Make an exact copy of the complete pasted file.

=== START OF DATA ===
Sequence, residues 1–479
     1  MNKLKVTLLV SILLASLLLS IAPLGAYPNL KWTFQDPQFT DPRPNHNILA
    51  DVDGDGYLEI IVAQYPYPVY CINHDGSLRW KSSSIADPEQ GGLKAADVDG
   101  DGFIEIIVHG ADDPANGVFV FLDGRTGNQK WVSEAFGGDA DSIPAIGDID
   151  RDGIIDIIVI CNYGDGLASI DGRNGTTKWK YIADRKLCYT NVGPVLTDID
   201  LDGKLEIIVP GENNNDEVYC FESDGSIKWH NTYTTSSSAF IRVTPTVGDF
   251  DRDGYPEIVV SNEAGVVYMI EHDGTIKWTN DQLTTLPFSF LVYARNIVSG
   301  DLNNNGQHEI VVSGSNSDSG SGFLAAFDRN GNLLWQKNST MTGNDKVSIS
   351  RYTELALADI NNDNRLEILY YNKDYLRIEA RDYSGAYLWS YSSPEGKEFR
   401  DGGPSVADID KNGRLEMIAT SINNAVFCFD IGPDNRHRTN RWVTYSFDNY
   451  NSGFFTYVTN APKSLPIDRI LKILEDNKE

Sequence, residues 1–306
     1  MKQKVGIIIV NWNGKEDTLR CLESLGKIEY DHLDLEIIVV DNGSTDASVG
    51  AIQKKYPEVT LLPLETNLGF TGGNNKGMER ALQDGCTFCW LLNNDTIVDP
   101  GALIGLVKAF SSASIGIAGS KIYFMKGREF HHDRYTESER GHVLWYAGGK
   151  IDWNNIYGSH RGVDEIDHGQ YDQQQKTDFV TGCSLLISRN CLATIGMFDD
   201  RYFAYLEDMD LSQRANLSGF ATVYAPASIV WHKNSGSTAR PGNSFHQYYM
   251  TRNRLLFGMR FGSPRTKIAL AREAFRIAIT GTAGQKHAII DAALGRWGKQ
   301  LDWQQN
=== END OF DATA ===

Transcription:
Sequence, residues 1–479
     1  MNKLKVTLLV SILLASLLLS IAPLGAYPNL KWTFQDPQFT DPRPNHNILA
    51  DVDGDGYLEI IVAQYPYPVY CINHDGSLRW KSSSIADPEQ GGLKAADVDG
   101  DGFIEIIVHG ADDPANGVFV FLDGRTGNQK WVSEAFGGDA DSIPAIGDID
   151  RDGIIDIIVI CNYGDGLASI DGRNGTTKWK YIADRKLCYT NVGPVLTDID
   201  LDGKLEIIVP GENNNDEVYC FESDGSIKWH NTYTTSSSAF IRVTPTVGDF
   251  DRDGYPEIVV SNEAGVVYMI EHDGTIKWTN DQLTTLPFSF LVYARNIVSG
   301  DLNNNGQHEI VVSGSNSDSG SGFLAAFDRN GNLLWQKNST MTGNDKVSIS
   351  RYTELALADI NNDNRLEILY YNKDYLRIEA RDYSGAYLWS YSSPEGKEFR
   401  DGGPSVADID KNGRLEMIAT SINNAVFCFD IGPDNRHRTN RWVTYSFDNY
   451  NSGFFTYVTN APKSLPIDRI LKILEDNKE

Sequence, residues 1–306
     1  MKQKVGIIIV NWNGKEDTLR CLESLGKIEY DHLDLEIIVV DNGSTDASVG
    51  AIQKKYPEVT LLPLETNLGF TGGNNKGMER ALQDGCTFCW LLNNDTIVDP
   101  GALIGLVKAF SSASIGIAGS KIYFMKGREF HHDRYTESER GHVLWYAGGK
   151  IDWNNIYGSH RGVDEIDHGQ YDQQQKTDFV TGCSLLISRN CLATIGMFDD
   201  RYFAYLEDMD LSQRANLSGF ATVYAPASIV WHKNSGSTAR PGNSFHQYYM
   251  TRNRLLFGMR FGSPRTKIAL AREAFRIAIT GTAGQKHAII DAALGRWGKQ
   301  LDWQQN